The 46th President of the United States has now been officially called and Joe Biden’s inauguration is expected to take place in January 2021.
There has been a lot of talk within the US Oil Industry about Biden’s policies and our Special Piping Materials office in Houston, Texas has been watching the debates and policy updates very closely.
The office in Houston opened in 2008 and rapidly expanded to include a 60,000 sq. ft warehouse and one of the largest inventories of Duplex and Super Duplex pipe, fittings and flanges in North America. The team – led by General Manager James Deeney – works closely with partners from many different industries such as petrochemical, oil and gas desalination, and LNG.
So, what does a Joe Biden Presidency mean for the Oil Industry in the US?
2020 Election Campaign and the Oil Industry
The ‘issue’ of what a Joe Biden Presidency might mean for the oil industry first came up in the second 2020 presidential debate. President Donald Trump asked former Vice President Joe Biden if he would “close down the oil industry,” to which Biden replied that he intends to “transition away from the oil industry, yes.”
This admission sparked a flurry of activity from the Republican Party, with Trump calling it a “big statement” and suggesting that there would be political retribution from oil industry-heavy regions.
However, this appeared not to be the case, with most people in the Oil Industry expressing concern rather than alarm about Biden’s comments.
Given the President-Elect’s policies on carbon emissions it didn’t come as a surprise to most people in the industry, with most executives stating that the country would most likely need fossil fuels for many decades to come.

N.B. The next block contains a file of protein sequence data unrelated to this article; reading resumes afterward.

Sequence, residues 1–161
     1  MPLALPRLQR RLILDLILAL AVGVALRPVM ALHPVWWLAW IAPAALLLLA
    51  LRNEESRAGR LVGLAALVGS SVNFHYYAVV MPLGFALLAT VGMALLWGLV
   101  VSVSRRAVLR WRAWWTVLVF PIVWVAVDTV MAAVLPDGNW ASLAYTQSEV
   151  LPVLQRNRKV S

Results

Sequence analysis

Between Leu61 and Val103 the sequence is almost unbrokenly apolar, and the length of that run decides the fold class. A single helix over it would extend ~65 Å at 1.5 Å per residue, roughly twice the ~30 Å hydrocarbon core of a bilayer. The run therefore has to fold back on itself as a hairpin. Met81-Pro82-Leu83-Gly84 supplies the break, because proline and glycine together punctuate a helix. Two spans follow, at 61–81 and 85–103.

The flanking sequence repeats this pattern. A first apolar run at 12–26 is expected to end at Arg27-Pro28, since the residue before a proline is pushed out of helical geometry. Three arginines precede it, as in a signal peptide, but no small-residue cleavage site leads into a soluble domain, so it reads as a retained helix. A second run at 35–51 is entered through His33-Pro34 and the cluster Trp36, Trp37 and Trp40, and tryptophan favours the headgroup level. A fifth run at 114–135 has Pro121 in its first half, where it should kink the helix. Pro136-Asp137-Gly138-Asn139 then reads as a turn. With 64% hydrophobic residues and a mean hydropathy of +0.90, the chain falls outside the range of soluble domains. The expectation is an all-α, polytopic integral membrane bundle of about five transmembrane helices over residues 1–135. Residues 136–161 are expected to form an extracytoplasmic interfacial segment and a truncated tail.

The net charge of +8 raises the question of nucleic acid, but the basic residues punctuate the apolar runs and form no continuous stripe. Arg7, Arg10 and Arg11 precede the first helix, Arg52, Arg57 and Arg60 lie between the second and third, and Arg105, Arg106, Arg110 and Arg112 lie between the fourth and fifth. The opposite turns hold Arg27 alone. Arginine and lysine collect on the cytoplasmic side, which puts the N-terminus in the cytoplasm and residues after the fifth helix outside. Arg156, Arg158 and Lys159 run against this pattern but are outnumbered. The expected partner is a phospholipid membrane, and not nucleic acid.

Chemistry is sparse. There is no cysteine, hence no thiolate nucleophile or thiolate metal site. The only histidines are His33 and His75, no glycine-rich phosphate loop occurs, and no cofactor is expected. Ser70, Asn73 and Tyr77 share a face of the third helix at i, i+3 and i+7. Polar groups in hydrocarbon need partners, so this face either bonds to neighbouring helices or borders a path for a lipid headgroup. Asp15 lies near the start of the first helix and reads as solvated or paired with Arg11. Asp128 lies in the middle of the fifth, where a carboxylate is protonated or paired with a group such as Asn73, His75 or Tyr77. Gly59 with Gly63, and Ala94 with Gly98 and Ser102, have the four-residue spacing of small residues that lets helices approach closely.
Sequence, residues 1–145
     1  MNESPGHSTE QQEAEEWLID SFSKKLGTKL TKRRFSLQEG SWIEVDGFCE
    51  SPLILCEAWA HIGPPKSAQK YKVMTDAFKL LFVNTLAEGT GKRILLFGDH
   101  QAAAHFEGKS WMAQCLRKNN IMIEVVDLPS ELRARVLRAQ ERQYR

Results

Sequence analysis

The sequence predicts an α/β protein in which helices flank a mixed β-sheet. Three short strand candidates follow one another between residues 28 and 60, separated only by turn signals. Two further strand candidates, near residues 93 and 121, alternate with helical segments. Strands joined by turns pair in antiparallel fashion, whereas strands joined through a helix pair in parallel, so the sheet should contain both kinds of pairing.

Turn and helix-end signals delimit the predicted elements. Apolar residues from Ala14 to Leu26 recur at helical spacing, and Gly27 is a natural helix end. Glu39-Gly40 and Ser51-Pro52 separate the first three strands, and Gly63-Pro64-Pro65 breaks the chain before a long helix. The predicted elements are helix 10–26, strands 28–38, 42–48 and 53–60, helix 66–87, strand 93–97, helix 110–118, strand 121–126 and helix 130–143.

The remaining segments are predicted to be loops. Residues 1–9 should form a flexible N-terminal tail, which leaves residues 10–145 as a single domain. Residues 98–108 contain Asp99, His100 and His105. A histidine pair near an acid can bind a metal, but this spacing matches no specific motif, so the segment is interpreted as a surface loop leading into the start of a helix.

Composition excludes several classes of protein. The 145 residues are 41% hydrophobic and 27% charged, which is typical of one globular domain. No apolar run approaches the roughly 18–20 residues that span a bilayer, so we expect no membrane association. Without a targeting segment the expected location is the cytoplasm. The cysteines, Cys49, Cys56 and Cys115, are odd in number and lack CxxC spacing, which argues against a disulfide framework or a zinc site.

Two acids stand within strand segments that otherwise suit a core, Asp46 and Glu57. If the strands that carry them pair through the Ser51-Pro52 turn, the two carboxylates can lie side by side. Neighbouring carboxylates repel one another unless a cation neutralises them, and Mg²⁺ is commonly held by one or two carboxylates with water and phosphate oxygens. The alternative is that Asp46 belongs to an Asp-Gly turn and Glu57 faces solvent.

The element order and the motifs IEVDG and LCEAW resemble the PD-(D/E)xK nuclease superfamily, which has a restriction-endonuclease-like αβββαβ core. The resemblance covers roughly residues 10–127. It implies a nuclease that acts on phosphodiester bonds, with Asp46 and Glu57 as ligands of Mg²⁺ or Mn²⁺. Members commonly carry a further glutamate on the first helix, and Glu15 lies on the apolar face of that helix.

This widespread opinion was then strengthened by Joe Biden after the debate as he sought to clarify his position on the matter. He stated that fossil fuels would not be eliminated until 2050 and that he wanted to eliminate fossil fuel subsidies.
What is likely to happen now?
According to Joe Biden’s policies and election promises, the following steps are now looking more likely:
- – A $2 trillion investment in clean energy over his four-year tenure as President.
- – The Democratic leader’s proposal does not call for banning fossil fuels but instead focuses on new technologies like carbon capture to pull emissions from the atmosphere.
- – The Arctic National Wildlife Refuge will be permanently protected, with a ban on new oil and gas permitted on public lands and waters, with established targeted programs to enhance reforestation and develop renewables on federal lands and waters with the goal of doubling offshore wind by 2030.
- – Stricter methane pollution limits will be implemented for new and existing oil and gas operations.
- – Requirements may be put in place that mean that any federal permitting decision considers the effects of greenhouse gas emissions and climate change.
- – There may be a requirement that public companies disclose climate risks and greenhouse gas emissions in their operations and supply chains.
- – Government support for advanced biofuels.
- – The establishment of an enforcement mechanism to support his goal of achieving net-zero emissions no later than 2050.